The Jamaica Bay area has a number of public works named for notable New Yorkers who merit our remembrance. There is the bridge over part of the bay named for the late Congressman Joseph Addabbo, the Marine Park Bridge named for Mets and Dodgers hero Gil Hodges, and Floyd Bennett Field, which honors the famous Brooklyn aviator. And of course, there is John F. Kennedy International Airport.
But there is a long-standing major omission in recognizing someone who has helped to change Jamaica Bay and the Rockaways for the better, and we urge that this be corrected.
The individual we are writing about is former U.S. Sen. James L. Buckley.
Sen. Buckley was a co-sponsor of S.1192, creating the Gateway National Recreation Area, including the Rockaways and Jamaica Bay. The senator spoke on behalf of the bill on the Senate floor on Oct. 14, 1972, and specifically mentioned the “wildlife preserve in Jamaica Bay” during the floor debate. Jamaica Bay is the only wildlife refuge within the U.S. National Parks System. We propose renaming the area the “James L. Buckley / Jamaica Bay Wildlife Refuge.”
The bay and its wetlands, marshes and islands also represent “one of the most significant bird sanctuaries in the northeast United States,” according to the refuge’s website. Senator Buckley is an amateur ornithologist (bird watcher) of some note, and continues his love and observation of birds at age 89.
As a candidate for U.S. Senate in 1970, Jim Buckley questioned the wisdom of a proposed extension of a JFK airport runway into Jamaica Bay, supporting local community groups. Although Buckley was known for his conservative views on most issues, many liberals and Democrats acknowledged his expertise in and support for conservation and environmental issues.
James L. Buckley is perhaps the only living American to have served at the top levels of all three branches of the U. S. government. Aside from his election to the U. S. Senate, Buckley was under secretary of state, after which he served as president of Radio Free Europe and Radio Liberty. Then he was nominated by President Reagan and confirmed to serve on the U. S. Court of Appeals for the D.C. circuit — generally held to be the second highest court in our judicial system. Although retired, Judge Buckley was in a “senior judge” status, and could be pressed into service under certain conditions.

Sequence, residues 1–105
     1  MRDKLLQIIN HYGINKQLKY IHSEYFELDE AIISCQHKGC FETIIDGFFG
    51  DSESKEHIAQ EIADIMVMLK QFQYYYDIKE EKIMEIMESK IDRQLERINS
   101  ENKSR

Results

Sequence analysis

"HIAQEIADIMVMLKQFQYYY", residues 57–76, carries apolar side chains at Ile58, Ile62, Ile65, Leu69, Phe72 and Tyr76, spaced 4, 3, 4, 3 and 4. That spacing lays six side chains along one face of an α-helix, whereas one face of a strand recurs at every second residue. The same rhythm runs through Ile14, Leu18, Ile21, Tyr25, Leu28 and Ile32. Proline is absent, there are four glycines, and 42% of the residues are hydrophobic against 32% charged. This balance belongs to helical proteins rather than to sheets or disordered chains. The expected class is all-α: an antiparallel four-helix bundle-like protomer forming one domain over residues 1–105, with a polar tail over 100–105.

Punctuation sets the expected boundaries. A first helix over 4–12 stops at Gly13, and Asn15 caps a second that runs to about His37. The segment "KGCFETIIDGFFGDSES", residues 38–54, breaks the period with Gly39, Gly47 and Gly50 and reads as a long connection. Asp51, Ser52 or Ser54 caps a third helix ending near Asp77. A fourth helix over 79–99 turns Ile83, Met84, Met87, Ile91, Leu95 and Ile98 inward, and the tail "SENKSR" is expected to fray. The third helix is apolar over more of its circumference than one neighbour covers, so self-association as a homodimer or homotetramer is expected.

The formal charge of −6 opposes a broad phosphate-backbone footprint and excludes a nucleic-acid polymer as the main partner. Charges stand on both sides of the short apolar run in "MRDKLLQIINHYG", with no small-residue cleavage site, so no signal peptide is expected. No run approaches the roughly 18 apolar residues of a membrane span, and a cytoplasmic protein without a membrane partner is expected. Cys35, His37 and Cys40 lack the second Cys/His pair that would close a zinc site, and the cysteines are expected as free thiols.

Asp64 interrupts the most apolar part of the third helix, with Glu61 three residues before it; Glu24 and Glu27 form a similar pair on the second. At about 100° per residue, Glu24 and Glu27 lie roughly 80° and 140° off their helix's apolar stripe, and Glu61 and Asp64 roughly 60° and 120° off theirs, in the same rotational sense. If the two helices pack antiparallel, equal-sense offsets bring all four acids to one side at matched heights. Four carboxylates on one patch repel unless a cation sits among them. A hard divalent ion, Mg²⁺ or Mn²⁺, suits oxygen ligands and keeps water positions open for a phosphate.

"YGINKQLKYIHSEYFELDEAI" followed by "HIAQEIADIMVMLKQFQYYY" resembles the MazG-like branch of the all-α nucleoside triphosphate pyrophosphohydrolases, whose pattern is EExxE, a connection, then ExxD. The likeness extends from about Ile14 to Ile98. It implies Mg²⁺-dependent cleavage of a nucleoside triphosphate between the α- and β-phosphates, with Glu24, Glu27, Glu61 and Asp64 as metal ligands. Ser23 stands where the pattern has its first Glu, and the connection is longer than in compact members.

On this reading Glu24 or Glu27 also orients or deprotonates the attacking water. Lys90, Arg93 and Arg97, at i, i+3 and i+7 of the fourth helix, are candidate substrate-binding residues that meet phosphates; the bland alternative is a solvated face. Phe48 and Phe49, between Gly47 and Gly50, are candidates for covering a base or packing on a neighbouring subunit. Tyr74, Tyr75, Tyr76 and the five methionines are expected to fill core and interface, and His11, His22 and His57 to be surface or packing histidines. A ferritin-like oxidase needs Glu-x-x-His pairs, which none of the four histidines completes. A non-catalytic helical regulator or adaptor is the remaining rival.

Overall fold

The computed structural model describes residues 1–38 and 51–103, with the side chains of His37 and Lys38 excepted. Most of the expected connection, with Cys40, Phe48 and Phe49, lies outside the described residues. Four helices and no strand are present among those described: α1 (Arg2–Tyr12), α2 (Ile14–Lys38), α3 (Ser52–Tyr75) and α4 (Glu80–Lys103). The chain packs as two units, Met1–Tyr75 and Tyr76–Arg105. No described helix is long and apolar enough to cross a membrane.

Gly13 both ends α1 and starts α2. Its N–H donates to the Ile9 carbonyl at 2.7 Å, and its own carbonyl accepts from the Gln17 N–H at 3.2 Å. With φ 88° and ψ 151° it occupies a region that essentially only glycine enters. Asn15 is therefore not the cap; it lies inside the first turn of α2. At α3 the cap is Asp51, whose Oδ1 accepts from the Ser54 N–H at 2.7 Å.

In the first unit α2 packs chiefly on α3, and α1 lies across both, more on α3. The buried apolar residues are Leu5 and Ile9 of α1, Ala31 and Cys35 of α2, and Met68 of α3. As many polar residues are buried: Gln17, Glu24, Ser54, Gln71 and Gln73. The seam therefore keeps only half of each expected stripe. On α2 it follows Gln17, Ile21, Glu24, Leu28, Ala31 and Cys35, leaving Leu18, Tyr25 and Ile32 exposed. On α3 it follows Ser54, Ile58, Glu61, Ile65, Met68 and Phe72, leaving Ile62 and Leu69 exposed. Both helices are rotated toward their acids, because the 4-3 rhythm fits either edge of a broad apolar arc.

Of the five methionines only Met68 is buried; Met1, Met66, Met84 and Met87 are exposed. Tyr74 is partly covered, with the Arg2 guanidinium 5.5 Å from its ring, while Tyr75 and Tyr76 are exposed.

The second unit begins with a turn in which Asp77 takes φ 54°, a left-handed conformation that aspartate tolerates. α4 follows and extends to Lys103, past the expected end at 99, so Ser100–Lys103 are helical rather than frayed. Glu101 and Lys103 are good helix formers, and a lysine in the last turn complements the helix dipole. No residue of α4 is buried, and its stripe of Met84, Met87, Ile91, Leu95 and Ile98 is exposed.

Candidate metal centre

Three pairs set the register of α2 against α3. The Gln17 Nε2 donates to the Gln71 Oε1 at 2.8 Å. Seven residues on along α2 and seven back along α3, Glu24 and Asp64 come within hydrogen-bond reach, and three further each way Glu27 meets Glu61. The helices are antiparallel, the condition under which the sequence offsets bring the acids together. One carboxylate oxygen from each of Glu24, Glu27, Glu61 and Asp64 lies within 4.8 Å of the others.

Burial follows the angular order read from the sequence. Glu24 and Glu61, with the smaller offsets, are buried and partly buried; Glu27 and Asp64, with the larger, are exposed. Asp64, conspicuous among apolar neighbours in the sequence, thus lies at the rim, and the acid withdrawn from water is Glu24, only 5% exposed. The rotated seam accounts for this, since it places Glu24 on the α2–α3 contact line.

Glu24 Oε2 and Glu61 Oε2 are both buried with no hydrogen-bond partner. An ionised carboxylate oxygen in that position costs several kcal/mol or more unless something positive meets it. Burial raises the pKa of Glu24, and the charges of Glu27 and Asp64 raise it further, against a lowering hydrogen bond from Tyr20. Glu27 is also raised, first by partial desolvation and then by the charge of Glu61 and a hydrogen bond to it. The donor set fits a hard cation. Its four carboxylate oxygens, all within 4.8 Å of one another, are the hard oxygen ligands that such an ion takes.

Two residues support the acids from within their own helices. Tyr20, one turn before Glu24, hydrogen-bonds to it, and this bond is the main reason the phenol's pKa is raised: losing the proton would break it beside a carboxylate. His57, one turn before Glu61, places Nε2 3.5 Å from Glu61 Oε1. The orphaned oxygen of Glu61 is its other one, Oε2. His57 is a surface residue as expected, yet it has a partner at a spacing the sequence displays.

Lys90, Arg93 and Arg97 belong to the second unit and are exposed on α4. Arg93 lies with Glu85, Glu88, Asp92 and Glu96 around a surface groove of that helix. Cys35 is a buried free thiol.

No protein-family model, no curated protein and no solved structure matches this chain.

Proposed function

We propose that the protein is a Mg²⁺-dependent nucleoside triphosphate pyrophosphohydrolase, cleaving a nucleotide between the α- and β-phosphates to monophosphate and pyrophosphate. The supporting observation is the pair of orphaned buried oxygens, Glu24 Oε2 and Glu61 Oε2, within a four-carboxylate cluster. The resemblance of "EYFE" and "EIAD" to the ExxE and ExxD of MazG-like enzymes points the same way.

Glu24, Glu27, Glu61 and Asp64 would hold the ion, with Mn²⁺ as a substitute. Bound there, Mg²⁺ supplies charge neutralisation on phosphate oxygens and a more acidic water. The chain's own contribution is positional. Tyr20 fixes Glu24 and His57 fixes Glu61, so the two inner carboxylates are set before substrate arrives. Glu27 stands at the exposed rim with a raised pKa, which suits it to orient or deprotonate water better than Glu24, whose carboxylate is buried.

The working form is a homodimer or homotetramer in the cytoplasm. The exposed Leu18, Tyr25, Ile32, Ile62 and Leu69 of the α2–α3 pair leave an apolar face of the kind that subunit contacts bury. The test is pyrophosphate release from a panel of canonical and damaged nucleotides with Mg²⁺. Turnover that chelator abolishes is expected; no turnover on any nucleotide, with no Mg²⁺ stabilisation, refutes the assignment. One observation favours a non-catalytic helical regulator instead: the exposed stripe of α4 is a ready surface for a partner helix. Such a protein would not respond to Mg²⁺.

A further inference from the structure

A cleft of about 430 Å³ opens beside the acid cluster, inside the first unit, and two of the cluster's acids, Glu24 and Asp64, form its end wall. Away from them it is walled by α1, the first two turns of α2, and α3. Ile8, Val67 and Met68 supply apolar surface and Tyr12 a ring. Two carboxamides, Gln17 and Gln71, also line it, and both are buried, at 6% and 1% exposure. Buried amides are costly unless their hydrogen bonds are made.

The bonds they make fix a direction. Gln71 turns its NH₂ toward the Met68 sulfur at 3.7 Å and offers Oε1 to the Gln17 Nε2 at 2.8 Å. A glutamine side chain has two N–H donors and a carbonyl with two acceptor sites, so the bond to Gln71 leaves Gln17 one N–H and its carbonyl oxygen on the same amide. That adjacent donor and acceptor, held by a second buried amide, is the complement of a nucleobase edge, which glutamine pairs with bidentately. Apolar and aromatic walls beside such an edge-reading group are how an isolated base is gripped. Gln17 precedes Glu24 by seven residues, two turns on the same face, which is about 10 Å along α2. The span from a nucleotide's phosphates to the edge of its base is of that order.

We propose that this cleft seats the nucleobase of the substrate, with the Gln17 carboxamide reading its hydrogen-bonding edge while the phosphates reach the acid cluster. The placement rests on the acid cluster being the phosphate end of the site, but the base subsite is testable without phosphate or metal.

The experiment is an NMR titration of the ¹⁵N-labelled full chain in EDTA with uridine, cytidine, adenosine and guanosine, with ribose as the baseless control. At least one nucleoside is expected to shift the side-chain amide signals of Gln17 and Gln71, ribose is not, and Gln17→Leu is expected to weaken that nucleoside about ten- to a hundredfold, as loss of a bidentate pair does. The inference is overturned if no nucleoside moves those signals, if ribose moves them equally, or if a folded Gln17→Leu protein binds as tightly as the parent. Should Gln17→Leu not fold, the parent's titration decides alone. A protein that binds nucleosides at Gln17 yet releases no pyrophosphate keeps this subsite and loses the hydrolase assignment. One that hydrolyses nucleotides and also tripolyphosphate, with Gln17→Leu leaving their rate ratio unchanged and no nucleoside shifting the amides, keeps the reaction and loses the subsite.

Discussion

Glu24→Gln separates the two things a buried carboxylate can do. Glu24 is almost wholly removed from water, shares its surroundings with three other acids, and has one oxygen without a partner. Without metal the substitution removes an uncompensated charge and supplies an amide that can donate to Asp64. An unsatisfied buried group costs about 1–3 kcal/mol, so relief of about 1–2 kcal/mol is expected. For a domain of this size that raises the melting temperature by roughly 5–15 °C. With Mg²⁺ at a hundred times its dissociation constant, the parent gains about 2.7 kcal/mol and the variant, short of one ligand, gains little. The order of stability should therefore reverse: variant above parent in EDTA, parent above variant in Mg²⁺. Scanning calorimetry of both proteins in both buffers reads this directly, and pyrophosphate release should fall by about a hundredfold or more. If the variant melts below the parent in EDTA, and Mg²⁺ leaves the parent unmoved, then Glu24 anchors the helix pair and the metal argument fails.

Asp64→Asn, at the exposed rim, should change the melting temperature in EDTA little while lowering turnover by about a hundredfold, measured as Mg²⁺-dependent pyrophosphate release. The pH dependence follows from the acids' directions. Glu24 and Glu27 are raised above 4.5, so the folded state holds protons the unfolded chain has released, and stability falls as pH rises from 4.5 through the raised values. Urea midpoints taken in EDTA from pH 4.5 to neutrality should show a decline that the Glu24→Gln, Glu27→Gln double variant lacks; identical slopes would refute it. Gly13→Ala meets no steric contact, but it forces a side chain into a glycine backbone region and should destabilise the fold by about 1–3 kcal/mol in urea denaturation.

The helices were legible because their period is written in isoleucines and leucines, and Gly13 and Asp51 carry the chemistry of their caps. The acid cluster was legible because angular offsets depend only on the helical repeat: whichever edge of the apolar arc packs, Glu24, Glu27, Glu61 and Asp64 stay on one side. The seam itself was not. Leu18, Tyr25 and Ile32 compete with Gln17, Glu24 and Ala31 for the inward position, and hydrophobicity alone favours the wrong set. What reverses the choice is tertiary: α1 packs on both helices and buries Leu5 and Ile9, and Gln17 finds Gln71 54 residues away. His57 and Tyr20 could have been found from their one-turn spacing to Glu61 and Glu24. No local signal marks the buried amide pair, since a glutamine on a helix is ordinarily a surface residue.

In our lifetimes, all of New York’s U.S. senators (except for the very most recently serving) have had major public works or other facilities named for them. Sen. Moynihan has the huge Manhattan Federal office building named for him, with the new Penn Station to be called “Moynihan Station.” Sen. Javits has the other immense Federal building named for him, along with New York City’s primary convention center. Sen. D’Amato has the federal courthouse on Long Island named for him, and the Federal building in Rochester is named for former U.S. Sen. Kenneth Keating. There are a number of schools bearing the name of Robert F. Kennedy, along with the recent renaming of the Triboro Bridge for RFK. Even unelected Sen. Charles Goodell’s name adorns the Fire Department headquarters in his former Congressional district in western New York.
Clearly, it is time to honor and recognize the contributions of James L. Buckley to his nation. Aside from his decades of top-level leadership in the legislative, judicial and executive branches of government, Buckley also served in the U.S. Navy during and just after World War II.
Because of Sen. Buckley’s advocacy for the Jamaica Bay Wildlife Refuge and the Gateway National Recreation Area, this would be an ideal opportunity to recognize Buckley by renaming the Jamaica Bay Wildlife Refuge for him.
Finally, at a time when local leaders are trying to marshal resources to save and restore Jamaica Bay’s declining ecosystem, renaming the wildlife refuge for our former U.S. Senator can only draw more positive attention to the cause of the bay, its islands and the Rockaways Gateway region.